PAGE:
Ordered subset expectation maximization 3D/maximum a posteriori

FPLC:

Fast protein liquid chromatography

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Acknowledgements

We would like to acknowledge M.A.L.M. Jansen for his care and help concerning animal housing and treatment.

Funding

D. Nakládal was financially supported by the European Union's Horizon 2020 research and innovation programme based on a grant agreement under the Marie Skłodowska-Curie funding scheme No. 945478; by the Slovak Academic and Scientific Programme No. 3333/03/02; and by the Slovak Research and Development Agency No. PP-MSCA-2022-0001. M. Westerterp is supported by a Rosalind Franklin Fellowship from the University Medical Center Groningen with an EU Co-Fund attached, VIDI Grant 91715350 from the Netherlands Organization of Scientific Research (NWO), and an Aspasia grant from NWO.

Author information

Authors and Affiliations

Authors

Contributions

JS, AvW, RS, HHB and UT were responsible for the study concept, design and methodology. JS, AvW and IK, were responsible for the data acquisition, processing, analysis, interpretation of the data and statistical analysis. JS, AvW and SK were responsible for processing, analysis and interpretation of the PET and CT data. FL and UT were responsible for processing, analysis and interpretation of the biochemistry data. MB, JH, JS, HB, DN and MW were responsible for processing, analysis and interpretation of the immunohistochemistry data. RS, RD, HHB and AvW were responsible for supervising the study. All authors contributed and reviewed the manuscript.

Corresponding author

Correspondence to Jürgen W. A. Sijbesma.

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The experimental protocol conformed to the ARRIVE guidelines and was approved by the Central Committee on Animal Experiments of The Netherlands (license number AVD105002016707) and the animal welfare body of the University Medical Center Groningen (protocol 16707-01-001) according to directive 2010/63/EU of the European Parliament.

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Supplementary Information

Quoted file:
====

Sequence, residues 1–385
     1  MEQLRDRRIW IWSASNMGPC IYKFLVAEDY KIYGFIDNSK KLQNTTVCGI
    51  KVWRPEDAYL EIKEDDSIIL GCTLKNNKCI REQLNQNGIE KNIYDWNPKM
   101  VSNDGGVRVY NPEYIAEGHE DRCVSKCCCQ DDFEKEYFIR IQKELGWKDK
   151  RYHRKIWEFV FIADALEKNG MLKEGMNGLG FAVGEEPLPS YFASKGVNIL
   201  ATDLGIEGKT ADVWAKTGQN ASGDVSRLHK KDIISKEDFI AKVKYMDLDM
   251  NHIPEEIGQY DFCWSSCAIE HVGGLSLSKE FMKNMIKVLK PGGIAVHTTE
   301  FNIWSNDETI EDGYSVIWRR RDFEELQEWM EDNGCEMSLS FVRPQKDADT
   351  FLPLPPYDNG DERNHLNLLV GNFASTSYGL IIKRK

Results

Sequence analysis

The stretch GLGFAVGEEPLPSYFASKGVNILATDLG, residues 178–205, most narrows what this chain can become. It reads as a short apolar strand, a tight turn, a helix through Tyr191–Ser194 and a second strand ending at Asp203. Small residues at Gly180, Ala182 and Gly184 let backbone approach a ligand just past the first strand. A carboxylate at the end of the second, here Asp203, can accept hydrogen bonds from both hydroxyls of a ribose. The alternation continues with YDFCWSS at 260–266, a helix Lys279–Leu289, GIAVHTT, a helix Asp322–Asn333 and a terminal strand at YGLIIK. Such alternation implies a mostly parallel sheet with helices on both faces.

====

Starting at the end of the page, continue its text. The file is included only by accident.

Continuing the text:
Additional file 1. Table S1

. Content of Western diet D12079B (Research Diets Inc. New Brunswick, New Jersey, United States). *Anhydrous milk fat typically contains approximately 0.3% cholesterol. On this basis, D12079B contains approximately 0.21% cholesterol.

Additional file 2. Table S2

. The quantification of macrophages in the ED-1 immunohistochemistry staining using Aperio ImageScope software (version v12.4.3.5008, Leica Biosystems Imaging Inc., Vista, CA, U.S.A.) was performed using the following algorithm.

Additional file 3. Figure S1

. [18F]FDG uptake corrected for plasma glucose levels (SUVcorr). in the the aortic arch (a) and the abdominal aorta (b) per strain per time point. Uptake was normalized for glucose levels at the time of tracer injection using SUVcorr = SUV * glucose levels / glucosegroup average. SUVmean of the lungs (c), kidneys (d), vena cava (e), myocardium (f) and blood pool (g). Filled square Ctrl filled circle ApoE−/−. Data is presented as mean ± SEM. * is considered significantly different with a p-value < 0.05 and ** significantly different with a p-value < 0.001.

Additional file 4.

(a) Correlation between SUVmean in the aortic arch and total plamsa cholesterol, (b) correlation between SUVmax in the aortic arch and total plamsa cholesterol, (c) correlation between SUVmean in the abdominal aorta and total plamsa cholesterol, (d) correlation between SUVmax in the aortic arch and total plamsa cholesterol, (e) correlation between SUVmean in the aortic arch and ORO positive area, (f) correlation between SUVmax in the aortic arch and ORO positive area, (g) correlation between ORO positive area and total plamsa cholesterol. Filled square Ctrl filled circle ApoE−/−.

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Sijbesma, J.W.A., van Waarde, A., Kristensen, S. et al. Characterization of a novel model for atherosclerosis imaging: the apolipoprotein E-deficient rat. EJNMMI Res 13, 106 (2023). https://doi.org/10.1186/s13550-023-01055-5